HB 177 is the wrong public policy. Carving out profitable services for private physicians is contrary to having all providers work together to lower cost by managing the health of populations. Duplicating existing services and fueling physician self-referral never cut costs.
Its the wrong time for HB 177. The bill must be considered in current reimbursement environment. NC hospitals are facing more than $7.8 billion in federal payment reductions over the next decade. The States decision not to expand Medicaid or provide other health insurance for the poor will undermine everyones access to care. Federal funds intended to offset a portion of the federal reimbursement cuts will not be available to hospitals. Hospitals will be forced to consider operational costs reductions, service line eliminations and layoffs.
HB 177 would essentially de-regulate the outpatient surgeries hospitals rely on to offset losses from other hospital operations the inadequately reimbursed mission services such as emergency departments that hospitals provide because our communities need them.
HB 177 would not save the state money through Medicaid dollars or the State Employees Health Plan because the bill does not guarantee these doctors will care for those patients. Developing a plan to serve these patients means nothing if its not implemented and enforced.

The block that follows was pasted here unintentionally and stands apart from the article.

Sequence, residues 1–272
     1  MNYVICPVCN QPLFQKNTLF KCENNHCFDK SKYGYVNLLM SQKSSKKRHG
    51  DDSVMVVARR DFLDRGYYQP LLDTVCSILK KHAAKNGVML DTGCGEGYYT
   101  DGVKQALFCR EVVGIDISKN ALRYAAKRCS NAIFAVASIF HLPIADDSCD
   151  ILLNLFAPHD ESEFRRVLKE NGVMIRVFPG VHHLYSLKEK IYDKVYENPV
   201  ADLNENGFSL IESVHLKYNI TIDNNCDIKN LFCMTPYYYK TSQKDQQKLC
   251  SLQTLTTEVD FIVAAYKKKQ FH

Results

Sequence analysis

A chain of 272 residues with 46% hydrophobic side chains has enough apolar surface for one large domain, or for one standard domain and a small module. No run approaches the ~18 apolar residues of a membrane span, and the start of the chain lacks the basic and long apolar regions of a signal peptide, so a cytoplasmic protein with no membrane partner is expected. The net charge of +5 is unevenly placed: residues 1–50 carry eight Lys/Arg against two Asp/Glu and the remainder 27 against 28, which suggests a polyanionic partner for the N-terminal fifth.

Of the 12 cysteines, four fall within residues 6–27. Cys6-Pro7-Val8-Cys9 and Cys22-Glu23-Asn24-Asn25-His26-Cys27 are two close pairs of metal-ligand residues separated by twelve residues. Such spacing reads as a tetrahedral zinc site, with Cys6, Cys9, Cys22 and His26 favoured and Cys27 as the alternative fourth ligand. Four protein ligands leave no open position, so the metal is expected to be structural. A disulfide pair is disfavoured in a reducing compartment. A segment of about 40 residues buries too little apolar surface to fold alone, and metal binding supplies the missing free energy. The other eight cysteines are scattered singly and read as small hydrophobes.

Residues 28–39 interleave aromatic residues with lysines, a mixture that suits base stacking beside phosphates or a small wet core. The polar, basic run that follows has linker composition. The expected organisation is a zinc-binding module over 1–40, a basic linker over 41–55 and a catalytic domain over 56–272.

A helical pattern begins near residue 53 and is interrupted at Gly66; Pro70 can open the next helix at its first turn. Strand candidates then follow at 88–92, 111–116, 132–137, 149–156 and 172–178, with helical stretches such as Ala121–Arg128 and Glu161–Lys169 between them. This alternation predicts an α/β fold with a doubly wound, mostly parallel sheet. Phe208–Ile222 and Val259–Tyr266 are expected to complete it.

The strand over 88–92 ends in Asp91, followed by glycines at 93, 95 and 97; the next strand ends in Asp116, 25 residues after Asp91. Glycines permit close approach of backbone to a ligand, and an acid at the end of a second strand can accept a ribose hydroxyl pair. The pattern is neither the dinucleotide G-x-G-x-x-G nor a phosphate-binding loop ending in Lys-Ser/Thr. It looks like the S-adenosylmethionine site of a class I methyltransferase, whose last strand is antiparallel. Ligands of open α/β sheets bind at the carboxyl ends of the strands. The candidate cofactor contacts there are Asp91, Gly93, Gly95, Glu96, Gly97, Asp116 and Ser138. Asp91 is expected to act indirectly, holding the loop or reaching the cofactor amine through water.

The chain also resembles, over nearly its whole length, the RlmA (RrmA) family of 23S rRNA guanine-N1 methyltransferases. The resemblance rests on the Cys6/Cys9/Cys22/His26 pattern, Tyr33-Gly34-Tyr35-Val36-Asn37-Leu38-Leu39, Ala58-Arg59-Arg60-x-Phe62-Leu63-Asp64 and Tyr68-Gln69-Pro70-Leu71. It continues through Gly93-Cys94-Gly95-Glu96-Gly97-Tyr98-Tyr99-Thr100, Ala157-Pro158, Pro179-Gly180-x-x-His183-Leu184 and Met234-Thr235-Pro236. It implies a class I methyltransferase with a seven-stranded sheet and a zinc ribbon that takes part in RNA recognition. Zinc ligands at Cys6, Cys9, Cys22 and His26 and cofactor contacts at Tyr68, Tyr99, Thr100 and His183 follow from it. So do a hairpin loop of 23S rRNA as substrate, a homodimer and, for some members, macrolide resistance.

HB 177 would not promote competition. There is no competition for the mission services hospitals provide, uninsured patients and Medicaid recipients. Doctor-owned surgery centers wont provide these services and wont care for these patients. The only part of the marketplace thats free is the $1.6 billion hospitals gave away in charity care and bad debt in 2011.
This bill is obviously not about creating a more competitive, outpatient surgery marketplace. The bill is intended to allow a few doctors to create their own cherry-picking surgery centers to the exclusion of not only hospitals but also other doctors who later might want to own single-specialty operating rooms.